TDR Daily

Welcome to The Dillydoun Review Daily

It is our goal to publish engaging, thought-provoking, and imaginative prose and poetry, daily.

If it’s good, we want to read it. Submit your work now.

Cassidy’s Alarm

A Flash Fiction by Abby Asmuth At the sound of her third alarm – which she put across the room so she had to get up to turn it off – Cassidy Forrester finally rolled out of bed. Groggily, she trudged across her bedroom and slapped the alarm off. Once the noise had stopped, a little voice […]

See You Again

A Short Story by Eric Knowlson The bedroom walls were adorned with loud punk-rock posters. The vanity on the right held a large mirror that sat between an impressive collection of make-up. The mirror reflected a blackened spoon, lighter and a few orange syringes. A fan buzzed in the corner dousing Setti and Easton with […]

Love’s an Accurate Word for It

A Short Story by Joe Phipps Today I ran errands. I usually run the errands and my wife usually does the chores, except for cooking. She doesn’t run errands because she believes that, if one commutes to work like she does, it is bad luck to stray from one’s established route for any reason. She […]

I Found a Carcass

A Prose Poem by Sabrina Bustamante I want to write about history. I want to stop fearing genre, and I want time to collapse so that I can write about the past while writing about myself. I want to be less narcissistic. I want to make sweeping statements about causation, and I want to be […]

Dad 2.0

A Flash Fiction by Julie Benesh Publish or perish. Last year, quarantining, should have been the perfect time to work on my research and avoid the fate of the Permanent Visitor. But working at home during quarantine, I got so anxious and distracted, everything blurring into mush. Sometimes you have to …get away. Business people […]

Early Summer

A Flash Fiction by Ronald McGuire I looked up from my book, then looked again after a pause, and that’s when I saw him walking down the sidewalk. I turned back to my book, hiding shame from some unknown witness. Yes, I felt ashamed to want him. But it was more than that. I felt […]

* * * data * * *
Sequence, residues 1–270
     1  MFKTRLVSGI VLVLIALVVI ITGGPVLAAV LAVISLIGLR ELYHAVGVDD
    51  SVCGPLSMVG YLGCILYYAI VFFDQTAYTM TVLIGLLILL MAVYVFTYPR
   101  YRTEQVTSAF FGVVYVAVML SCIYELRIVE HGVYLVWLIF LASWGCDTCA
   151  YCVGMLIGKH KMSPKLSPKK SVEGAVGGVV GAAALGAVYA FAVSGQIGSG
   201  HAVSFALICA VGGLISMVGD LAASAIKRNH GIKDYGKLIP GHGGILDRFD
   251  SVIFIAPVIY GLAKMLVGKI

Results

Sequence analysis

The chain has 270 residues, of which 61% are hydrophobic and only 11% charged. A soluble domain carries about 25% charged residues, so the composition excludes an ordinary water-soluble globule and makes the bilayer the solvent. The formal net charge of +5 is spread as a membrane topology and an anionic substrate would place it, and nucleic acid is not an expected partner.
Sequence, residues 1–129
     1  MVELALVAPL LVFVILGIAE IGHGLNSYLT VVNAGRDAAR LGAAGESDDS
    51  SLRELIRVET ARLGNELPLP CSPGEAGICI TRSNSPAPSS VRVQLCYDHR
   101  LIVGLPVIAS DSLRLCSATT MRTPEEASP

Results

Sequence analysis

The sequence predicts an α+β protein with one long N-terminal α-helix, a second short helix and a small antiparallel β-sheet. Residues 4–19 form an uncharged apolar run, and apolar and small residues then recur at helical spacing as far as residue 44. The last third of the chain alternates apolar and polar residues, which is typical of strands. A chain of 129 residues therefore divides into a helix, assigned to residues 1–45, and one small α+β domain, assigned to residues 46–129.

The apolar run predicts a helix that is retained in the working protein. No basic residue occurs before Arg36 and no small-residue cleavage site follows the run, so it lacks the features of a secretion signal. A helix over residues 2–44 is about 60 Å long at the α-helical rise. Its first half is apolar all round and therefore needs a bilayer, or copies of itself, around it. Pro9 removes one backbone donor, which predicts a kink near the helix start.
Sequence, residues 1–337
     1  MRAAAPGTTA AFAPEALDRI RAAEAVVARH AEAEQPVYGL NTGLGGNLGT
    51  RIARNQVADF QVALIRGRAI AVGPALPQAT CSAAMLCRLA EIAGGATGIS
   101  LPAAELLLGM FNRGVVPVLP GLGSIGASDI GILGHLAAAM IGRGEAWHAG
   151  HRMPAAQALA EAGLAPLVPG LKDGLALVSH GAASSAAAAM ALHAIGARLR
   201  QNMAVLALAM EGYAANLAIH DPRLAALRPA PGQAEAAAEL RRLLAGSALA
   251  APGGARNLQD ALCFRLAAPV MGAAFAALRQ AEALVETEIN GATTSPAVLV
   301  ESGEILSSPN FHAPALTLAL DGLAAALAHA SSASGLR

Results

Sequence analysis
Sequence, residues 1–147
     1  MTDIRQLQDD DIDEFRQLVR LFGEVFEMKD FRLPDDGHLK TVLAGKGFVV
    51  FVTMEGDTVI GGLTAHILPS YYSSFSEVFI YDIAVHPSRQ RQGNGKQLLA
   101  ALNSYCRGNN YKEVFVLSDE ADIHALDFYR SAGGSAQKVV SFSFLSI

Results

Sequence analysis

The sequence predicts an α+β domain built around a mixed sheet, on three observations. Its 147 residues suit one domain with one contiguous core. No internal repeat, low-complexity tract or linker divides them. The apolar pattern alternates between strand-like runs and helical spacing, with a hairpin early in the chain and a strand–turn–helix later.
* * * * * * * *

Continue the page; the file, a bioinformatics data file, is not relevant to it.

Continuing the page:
Comfort of Togetherness

Join The Dillydoun Review in celebrating National Poetry Month with A Poem by Effie Pasagiannis I like the way we are together now –compatriots, companions,clandestine lovers exchanging recipes,searching for yeast to create Kneading and breaking breadin doughy goodness,we are shattering the silence of our fastletting our buttered selves slipthrough gloved handsinto a new kind of comforting Is […]

Future is Older Than the Past

Join The Dillydoun Review in celebrating National Poetry Month with A Poem by Jonathan Koven Something blossoming, a star!For all I see, in stolid smokeand shadow, weavesuniverses all their own. When I wake from a dream within a dream,doctors scale my reach,whispering, to peelthe sky’s clouds like petals. I love you, I love you not, until only […]

A Quick Drink

Join The Dillydoun Review in celebrating National Poetry Month with A Poem by W. F. Althaus We walked into this barA bit too fancy for four dudesLooking to put a couple awayBefore watching Mad Max in IMAXBut a beer’s a beer, right? Dark-stained hardwood throughoutNot even a scuff on the floorThe bartenders and waitressWear black slacks and […]

Juice Box Girl

Join The Dillydoun Review in celebrating National Poetry Month with A Poem by Michael Lee Johnson I’m a juice box girl,squeeze me, play melike an accordion,box-shaped, but gagged edges.Breathe me inside out,I’m nude, fruity, fractured,strawberry melon,nightshade wine.Chicago, 3:00 a.m.somewhere strandedsomeone’s balconymemories undefined,you will find me therestretched naked, doingthe Electric Slide,taking morning selfiesupward morning into the sunthen in […]

Age 8

Join The Dillydoun Review in celebrating National Poetry Month with A Poem by Kelsey Erin Shipman I’ll say to youwhat no one ever did:This is not your fault. Yes, you pocketed those Tic Tacs whileyour mother spoke with the cashier,and you let slip a lie about your father’sfortune to those kids at school. And when your little […]


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